"Finding your tribe - educating your collaborators - be faithful to your people" doesn't sound like a proposed template for an insular, creative cul-de-sac; but rather a challenge to find the warriors who will fight for you. The producers who will pound the pavement fo find the $50,000 - $100,000 (or in the case of Arena $500,000 - $1,000,000) to get your work on the stage and who will spend many a sleepless night trying to figure out how to make payroll for one more week. The actors who revere your vision enough to stick by you when a better paying job is offered (the stories of the actors who passed up lucrative Hollywood deals to work for NOTHING while "Rent" was on its long workshop march to realization comes to mind), the directors who devotedly dive into your words, not givng a rat's ass if you don't come with a Julliard or Yale silver spoon in your mouth and/or a rich uncle to bankroll the production. We're not talking kissy-face, artistic co-dependency here...we're talking serious foot soldiers who will fight for you. And unless one plans to write closet drama or eschew all those great concepts of Monsterism to relegate onself to writing/acting one-man shows in their own basement, the tribe is more than just loving chums in the grand scheme. Don't think Rivera meant that you should limit your writing to what is approved/inspired by your tribe - those folks aren't interested in circumventing your trek into the wilderness -- it's just, they will be the one's with the machetes poised over their heads saying, "Okay, you want to go in that direction, Mr. Articactor, then let me clear some of this bamboo out of your way so you can move about more freely." And my guess is his comment about "vested interest" is more about personal armor against the soul-smashers than anything else, no matter what organ you choose to pull your script out of.

I think Ms. Ruhl is fortunate to have you in her present tribe.

arcticactor said...

Yeah, I figured that was the better of the possible meanings for what Rivera meant by "tribe" -- it just connoted something else when I first read it. I guess it's because it was only recently that I found a "tribe" that wasn't secretly an exclusionary, cabalistic, sniping ground for everyone else. Academic tribes are sometimes less constructive than real-world, secular tribes -- in my experience. But thanks for fleshing that one out in more inspiring terms.

SAS said...

"In all your plays be sure to write at least one impossible thing. And don't let your director talk you out of it."

This is great. I hope I never have, and never will, ask a playwright to cut the impossible for staging sake. That's the fun of directing anyhow. "How do we get this character to enter on a horse in this scene?" (a stage direction Sarah Ruhl writes in her play LATE). That's where the wheels start turning.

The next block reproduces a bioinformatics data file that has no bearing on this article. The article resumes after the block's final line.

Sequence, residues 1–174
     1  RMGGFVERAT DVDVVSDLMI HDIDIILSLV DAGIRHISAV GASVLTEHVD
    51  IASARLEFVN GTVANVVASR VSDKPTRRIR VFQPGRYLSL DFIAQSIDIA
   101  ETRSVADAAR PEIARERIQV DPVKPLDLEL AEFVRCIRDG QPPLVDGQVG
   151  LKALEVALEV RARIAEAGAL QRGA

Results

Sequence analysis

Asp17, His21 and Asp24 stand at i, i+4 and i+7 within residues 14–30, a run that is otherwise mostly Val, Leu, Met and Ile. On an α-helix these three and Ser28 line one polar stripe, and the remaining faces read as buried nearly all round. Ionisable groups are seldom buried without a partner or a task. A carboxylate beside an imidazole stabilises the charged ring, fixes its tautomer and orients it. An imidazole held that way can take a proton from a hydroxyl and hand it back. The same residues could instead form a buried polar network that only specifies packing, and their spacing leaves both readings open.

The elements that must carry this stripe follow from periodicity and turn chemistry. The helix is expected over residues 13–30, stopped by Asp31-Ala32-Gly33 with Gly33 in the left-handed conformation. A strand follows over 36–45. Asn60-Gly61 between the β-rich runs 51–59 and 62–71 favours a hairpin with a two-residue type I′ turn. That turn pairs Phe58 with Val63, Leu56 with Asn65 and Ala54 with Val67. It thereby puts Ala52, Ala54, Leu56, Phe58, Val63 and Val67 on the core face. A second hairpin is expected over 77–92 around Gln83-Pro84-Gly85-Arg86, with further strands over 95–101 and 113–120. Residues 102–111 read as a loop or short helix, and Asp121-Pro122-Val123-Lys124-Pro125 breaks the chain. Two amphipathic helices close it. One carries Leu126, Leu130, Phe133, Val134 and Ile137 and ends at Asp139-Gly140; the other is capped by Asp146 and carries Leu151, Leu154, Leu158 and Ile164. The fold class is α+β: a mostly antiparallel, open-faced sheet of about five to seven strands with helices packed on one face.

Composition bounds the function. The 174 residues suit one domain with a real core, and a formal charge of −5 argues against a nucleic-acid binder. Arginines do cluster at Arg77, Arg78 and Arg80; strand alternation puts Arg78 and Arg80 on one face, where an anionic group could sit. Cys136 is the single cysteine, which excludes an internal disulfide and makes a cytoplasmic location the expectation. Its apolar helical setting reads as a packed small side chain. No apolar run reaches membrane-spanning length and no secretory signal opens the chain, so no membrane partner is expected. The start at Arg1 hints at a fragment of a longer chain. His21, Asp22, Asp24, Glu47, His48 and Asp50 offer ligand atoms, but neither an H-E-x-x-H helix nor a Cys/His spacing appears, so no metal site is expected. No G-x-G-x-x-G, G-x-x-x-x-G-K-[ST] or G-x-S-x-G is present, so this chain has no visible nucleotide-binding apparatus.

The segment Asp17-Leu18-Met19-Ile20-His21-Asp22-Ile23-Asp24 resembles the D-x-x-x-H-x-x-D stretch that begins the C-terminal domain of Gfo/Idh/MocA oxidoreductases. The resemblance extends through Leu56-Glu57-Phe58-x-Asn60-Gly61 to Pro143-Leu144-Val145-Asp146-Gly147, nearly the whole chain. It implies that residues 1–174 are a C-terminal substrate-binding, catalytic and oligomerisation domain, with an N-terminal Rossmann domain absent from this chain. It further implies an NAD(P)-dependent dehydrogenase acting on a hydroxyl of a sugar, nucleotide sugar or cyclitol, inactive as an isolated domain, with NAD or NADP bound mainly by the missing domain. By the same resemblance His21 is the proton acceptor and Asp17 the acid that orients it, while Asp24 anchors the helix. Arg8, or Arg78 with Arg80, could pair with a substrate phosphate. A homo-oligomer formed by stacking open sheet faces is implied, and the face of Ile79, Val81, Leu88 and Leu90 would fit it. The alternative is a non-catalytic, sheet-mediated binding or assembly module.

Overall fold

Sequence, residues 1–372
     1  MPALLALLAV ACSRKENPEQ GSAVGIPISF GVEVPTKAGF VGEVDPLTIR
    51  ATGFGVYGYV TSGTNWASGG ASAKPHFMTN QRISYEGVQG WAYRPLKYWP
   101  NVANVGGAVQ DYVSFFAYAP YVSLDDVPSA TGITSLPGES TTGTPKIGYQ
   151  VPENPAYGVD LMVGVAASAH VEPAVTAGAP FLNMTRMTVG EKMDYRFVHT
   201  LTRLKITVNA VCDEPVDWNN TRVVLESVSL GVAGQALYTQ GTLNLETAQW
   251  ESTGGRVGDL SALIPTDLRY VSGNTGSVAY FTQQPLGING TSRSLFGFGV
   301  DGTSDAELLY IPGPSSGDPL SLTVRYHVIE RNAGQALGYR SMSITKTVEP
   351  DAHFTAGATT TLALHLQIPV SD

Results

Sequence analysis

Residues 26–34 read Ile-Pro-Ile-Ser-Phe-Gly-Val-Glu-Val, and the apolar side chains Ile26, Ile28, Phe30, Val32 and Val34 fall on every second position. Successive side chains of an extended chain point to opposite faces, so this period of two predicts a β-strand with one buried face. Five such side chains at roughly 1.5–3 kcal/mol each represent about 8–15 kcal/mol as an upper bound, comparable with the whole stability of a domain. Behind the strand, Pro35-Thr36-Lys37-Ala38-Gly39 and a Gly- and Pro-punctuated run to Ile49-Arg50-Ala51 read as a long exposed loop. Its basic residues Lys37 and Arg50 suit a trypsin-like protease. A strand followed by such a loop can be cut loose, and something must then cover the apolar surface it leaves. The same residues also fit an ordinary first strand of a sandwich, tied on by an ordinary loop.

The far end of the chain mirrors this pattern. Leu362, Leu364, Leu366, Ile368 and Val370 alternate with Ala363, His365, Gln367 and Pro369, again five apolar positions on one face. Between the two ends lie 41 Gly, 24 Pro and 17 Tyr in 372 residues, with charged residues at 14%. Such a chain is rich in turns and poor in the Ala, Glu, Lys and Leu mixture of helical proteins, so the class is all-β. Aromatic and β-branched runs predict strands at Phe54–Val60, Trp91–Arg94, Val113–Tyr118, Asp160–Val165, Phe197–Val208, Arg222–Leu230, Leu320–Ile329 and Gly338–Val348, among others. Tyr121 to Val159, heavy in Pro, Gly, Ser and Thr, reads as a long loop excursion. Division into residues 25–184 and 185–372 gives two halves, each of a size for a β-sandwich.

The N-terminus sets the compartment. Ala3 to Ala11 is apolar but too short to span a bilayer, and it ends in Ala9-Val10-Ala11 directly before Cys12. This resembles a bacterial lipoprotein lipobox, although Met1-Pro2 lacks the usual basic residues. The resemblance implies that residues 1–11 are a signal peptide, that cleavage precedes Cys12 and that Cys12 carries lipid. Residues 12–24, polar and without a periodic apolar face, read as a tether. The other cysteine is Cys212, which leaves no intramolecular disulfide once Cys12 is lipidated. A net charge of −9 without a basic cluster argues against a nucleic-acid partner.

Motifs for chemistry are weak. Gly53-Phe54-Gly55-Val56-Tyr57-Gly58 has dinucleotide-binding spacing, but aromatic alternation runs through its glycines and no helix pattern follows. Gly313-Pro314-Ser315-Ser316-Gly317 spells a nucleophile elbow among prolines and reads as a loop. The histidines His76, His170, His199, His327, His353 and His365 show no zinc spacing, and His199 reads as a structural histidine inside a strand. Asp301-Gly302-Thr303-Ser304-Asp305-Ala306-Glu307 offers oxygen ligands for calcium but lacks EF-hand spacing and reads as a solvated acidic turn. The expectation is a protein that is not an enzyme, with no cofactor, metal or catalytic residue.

It reminds me of an assignment that Paula Vogel apparently gives her MFA playwrights at Brown. "Write the impossible play". I did a reading of one of these impossible plays, and it is still one of my favorite plays by an emerging playwright. The premise is that the tectonic plates shift and as a result Paris ends up lodged in the middle of New Jersy. Now stage that! It is one of the smartest and funniest plays I have ever read.

Can you imagine if there was a director around to talk Shakespeare out of "Exit pursued by a bear"?

amy said...

I need your posts in order to thrive in my daily life and you haven't updated in post something else you ANIMAL!!! ::realizing I sound like a psycho...walking away ashamed::

H said...

In reference to # 35...

I love when impossible moments happen in plays. It is like reading Sarah Kane. I was constantly stopping and thinking "Now, how the hell is anyone going to stage that?" But then I always paused and thought "Let the director figure it out!"

The next question is...

When does impossibility become spectacle? I am mostly asking the question because...

I read about this on Mirror up to Nature and thought you would get a kick out of it.

Andre Serrand seems to think that the spectacle is all that is saving the paltry existence of live theatre.

Why do some artists have to be like this? I enjoyed The Clean House for what it was just as I enjoyed De la Guarda for what it was. But I would be interested to hear what you think. Where does theatre end, and circus begin? Or does it?